Concussion Clinic

Baseline Concussion Testing

Baseline Concussion Testing – What does the current evidence say?
 
Sport-related concussion (SRC) is a common injury in recreational and organized sport. Over the past 30 years, there has been significant progress in the scientific understanding of SRC, which in turn has driven the development of clinical guidelines for diagnosis, assessment, and management of SRC. In addition to a growing need for knowledgeable health care professionals to provide evidence-based care for athletes with SRC, media attention and legislation have created awareness and, in some cases, fear about many issues and unknowns surrounding SRC.
 
The Immediate Postconcussion Assessment and Cognitive Testing (ImPACT) is a computerized neuropsychological test battery commonly used to determine cognitive recovery from concussion based on comparing post-injury scores to baseline scores. This model is based on the premise that ImPACT baseline test scores are a valid and reliable measure of optimal cognitive function at baseline.  Growing evidence suggests that this premise may not be accurate and research shows that athletes may be reliably performing at levels lower than their best effort would produce when taking the baseline test.
 
A recent study showed that a high rate of athletes had invalid and sandbagging scores which raised concern that the underperformance of baseline testing occurs more commonly than is probably realized.  Baseline testing may be useful in some cases but is not necessary, required, or an accepted standard of care for the appropriate management of SRC.  The findings suggest that incorporating baseline assessments does not significantly increase diagnostic yield for acute concussion. Computerized neurocognitive tests are used frequently in high school athletes, often within a model of baseline testing of asymptomatic individuals before the start of a sporting season. Current evidence suggests that in this population such testing may lack sufficient reliability to support clinical decision making. Furthermore, given the high and fluctuating test performance failure across validity indicators and cutoffs, the validity of baseline data has become a source of concern. Increased caution is called for in employing the baseline-to-postconcussion paradigm when return-to-play decisions are made.

 REFERENCES
  1. Higgins KL, Caze T, Maerlender A. Validity and Reliability of Baseline Testing in a Standardized Environment. Arch Clin Neuropsychol. 2018 Jun 1;33(4):437-443.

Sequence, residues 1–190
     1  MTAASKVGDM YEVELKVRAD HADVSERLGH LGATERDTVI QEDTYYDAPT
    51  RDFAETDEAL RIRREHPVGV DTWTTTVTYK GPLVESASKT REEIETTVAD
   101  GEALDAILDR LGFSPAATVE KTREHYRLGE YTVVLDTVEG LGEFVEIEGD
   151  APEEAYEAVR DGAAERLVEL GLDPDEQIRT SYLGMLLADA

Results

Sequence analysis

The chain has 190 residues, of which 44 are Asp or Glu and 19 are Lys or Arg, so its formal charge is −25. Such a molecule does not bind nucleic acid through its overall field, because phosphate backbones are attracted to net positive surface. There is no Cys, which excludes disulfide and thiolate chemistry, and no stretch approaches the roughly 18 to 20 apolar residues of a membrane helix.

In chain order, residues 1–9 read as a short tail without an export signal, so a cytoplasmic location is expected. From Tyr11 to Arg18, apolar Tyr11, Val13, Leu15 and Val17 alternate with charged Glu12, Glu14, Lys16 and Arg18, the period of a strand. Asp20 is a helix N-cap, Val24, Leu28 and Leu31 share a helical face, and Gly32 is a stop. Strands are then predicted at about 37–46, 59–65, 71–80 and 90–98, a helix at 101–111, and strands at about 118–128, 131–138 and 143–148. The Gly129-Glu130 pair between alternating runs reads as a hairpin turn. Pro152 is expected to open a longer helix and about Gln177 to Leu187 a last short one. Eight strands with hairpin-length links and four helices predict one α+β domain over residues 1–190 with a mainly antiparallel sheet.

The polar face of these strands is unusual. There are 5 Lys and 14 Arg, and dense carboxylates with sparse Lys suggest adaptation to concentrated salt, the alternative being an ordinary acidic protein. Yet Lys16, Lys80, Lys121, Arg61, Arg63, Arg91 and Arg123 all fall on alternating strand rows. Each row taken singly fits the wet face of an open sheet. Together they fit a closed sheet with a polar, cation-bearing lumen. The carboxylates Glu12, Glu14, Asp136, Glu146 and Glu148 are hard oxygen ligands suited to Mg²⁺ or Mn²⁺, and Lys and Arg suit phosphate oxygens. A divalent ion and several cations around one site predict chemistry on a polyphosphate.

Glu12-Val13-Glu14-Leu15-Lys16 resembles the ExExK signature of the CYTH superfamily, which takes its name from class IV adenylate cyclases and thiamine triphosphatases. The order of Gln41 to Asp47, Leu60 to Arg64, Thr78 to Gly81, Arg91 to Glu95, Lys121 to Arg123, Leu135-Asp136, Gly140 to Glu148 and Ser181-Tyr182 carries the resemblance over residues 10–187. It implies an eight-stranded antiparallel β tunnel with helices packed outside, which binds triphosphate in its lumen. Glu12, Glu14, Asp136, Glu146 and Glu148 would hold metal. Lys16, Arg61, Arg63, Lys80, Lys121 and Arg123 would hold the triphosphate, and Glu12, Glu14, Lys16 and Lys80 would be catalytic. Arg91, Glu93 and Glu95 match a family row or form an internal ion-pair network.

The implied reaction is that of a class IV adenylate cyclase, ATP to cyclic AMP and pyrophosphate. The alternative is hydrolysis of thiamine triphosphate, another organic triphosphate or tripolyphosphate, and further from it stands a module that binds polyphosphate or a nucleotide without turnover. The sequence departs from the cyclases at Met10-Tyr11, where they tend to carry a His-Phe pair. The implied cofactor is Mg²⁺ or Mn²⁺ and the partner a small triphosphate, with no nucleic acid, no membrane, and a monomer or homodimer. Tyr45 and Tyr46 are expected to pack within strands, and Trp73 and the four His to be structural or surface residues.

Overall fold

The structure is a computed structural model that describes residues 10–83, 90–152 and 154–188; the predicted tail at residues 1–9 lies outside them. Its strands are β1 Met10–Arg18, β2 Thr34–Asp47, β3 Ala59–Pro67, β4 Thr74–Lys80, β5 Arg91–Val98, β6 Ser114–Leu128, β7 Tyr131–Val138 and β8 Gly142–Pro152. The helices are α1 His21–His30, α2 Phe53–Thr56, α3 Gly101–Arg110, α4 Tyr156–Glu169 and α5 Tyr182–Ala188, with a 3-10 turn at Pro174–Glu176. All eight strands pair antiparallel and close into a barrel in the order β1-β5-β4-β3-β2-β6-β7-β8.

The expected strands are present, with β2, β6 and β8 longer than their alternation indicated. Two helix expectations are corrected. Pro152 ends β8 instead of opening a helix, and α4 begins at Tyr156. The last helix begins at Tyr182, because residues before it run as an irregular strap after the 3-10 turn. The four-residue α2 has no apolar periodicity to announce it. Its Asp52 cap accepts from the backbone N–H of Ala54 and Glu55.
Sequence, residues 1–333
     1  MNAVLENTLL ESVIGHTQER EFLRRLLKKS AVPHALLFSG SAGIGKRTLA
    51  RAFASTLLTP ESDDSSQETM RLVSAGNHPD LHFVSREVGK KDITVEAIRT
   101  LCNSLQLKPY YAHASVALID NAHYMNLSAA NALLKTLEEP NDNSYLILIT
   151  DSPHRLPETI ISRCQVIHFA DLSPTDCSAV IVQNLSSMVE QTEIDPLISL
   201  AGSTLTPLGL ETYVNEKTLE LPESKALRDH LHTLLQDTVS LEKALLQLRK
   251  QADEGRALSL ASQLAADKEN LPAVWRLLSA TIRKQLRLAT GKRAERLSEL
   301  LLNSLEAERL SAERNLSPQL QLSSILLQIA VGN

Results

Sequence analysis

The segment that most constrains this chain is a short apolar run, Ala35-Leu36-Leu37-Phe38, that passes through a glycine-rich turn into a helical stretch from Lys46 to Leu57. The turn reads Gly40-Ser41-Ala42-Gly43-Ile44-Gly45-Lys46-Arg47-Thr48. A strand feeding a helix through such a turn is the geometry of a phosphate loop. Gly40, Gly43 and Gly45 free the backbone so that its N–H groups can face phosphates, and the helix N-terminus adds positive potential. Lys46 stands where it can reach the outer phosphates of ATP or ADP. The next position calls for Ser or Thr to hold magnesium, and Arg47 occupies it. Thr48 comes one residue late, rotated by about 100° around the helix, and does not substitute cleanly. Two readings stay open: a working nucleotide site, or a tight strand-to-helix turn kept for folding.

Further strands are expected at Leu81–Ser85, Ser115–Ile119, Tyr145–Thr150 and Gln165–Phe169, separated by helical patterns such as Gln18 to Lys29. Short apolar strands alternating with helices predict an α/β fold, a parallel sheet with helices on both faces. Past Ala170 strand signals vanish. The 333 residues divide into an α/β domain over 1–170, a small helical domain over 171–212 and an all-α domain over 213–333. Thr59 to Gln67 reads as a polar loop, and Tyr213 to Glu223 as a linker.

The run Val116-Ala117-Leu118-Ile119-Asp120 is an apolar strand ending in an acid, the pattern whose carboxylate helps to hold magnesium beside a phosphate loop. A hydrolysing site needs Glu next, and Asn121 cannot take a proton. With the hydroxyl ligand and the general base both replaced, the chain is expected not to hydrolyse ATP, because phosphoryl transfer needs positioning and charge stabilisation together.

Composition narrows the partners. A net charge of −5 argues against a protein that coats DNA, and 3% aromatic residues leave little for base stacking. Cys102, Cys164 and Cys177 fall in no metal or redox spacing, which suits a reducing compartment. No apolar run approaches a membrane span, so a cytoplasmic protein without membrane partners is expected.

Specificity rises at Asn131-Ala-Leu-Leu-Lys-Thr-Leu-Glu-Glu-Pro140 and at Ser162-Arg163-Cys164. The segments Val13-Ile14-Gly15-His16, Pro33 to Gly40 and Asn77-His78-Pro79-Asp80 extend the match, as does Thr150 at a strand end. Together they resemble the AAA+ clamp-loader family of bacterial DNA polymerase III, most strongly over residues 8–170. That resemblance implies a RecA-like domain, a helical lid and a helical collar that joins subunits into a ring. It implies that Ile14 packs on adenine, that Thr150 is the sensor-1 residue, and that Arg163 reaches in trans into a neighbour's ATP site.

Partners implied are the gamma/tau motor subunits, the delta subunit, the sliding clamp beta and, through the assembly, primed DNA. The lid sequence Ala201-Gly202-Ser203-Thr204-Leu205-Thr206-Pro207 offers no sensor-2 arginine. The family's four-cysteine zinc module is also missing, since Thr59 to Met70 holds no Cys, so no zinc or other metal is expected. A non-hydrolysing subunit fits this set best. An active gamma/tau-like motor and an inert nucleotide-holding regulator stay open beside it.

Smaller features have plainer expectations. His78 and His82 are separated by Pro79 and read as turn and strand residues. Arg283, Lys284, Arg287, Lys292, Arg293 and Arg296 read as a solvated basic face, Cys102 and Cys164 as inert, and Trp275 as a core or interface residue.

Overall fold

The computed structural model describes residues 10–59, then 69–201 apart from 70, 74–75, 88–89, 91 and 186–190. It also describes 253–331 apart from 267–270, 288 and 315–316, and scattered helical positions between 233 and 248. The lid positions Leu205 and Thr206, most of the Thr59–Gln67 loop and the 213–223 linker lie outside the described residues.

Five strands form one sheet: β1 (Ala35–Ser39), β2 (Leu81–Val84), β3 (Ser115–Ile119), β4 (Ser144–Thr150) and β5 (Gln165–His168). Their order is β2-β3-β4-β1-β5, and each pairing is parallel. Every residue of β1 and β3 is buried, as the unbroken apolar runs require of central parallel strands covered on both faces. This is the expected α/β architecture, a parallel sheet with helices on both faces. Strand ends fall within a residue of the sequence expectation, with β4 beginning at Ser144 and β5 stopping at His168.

2. Harmon KG, Clugston JR, Dec K, Hainline B, Herring SA, Kane S, Kontos AP, Leddy JJ, McCrea MA, Poddar SK, Putukian M, Wilson JC, Roberts WO. American Medical Society for Sports Medicine Position Statement on Concussion in Sport. Clin J Sport Med. 2019 Mar;29(2):87-100
  3. Tsushima WT, Yamamoto MH, Ahn HJ, Siu AM, Choi SY, Murata NM. Invalid Baseline Testing with ImPACT: Does Sandbagging Occur with High School Athletes? Appl Neuropsychol Child. 2021 Jul-Sep;10(3):209-218.
  4. MacDonald J, Duerson D. Reliability of a Computerized Neurocognitive Test in Baseline Concussion Testing of High School Athletes. Clin J Sport Med. 2015 Jul;25(4):367-72.
  5. Abeare CA, Messa I, Zuccato BG, Merker B, Erdodi L. Prevalence of Invalid Performance on Baseline Testing for Sport-Related Concussion by Age and Validity Indicator. JAMA Neurol. 2018 Jun 1;75(6):697-703
  6. Ferris LM, Kontos AP, Eagle SR, Elbin RJ, Collins MW, Mucha A, McAllister TW, Broglio SP, McCrea M, Pasquina PF, Port NL. Utility of VOMS, SCAT3, and ImPACT Baseline Evaluations for Acute Concussion Identification in Collegiate Athletes: Findings From the NCAA-DoD Concussion Assessment, Research and Education (CARE) Consortium. Am J Sports Med. 2022 Mar;50(4):1106-1119.

Save The Brain Concussion Management Program

If you suspect that your child sustained a concussion, they should be removed form play and they should see their Athletic trainer at their school.  If their school does not have an athletic trainer, they should see a provider at the concussion clinic.  Telemedicine appointments are available if you live outside our area. 
The concussion clinic is located at 205 Sunnyview Lane, Kalispell, MT, 59901.  406-758-7035.

For Athletic Training Staff information click HERE.

To go to Save The Brain's home page click HERE.

For further questions, email savethebrain@logan.org.

Concussion Clinic
Neuroscience and Spine Institute
Department of Physical Medicine & Rehab
205 Sunnyview Lane
Kalispell, MT 59901
Phone 406.758.7035
 
Concussion Testing
Phone 406.758-7323
savethebrain@logan.org
 
KRH Outpatient Therapy
Phone 406.751.4520
 
Athletic Training Staff
Youth Development   www.logan.org/youthdevelopment
For Athletic Training Staff information click HERE
 

Additional Resources

Centers for Disease Control (CDC):  https://www.cdc.gov/headsup/index.html
Brain Injury Association of America:  https://www.biausa.org/  
Brain Injury Alliance of Montana:  https://biamt.org/
Coffee With Survivors of Traumatic Brain Injury and Other Injuries
Saturdays at 10:00 am
Gateway Community Center
1203 US-2 
Kalispell, MT 59901

Don 406-871-2942
Brain Injury Helpline:  1-800-241-6442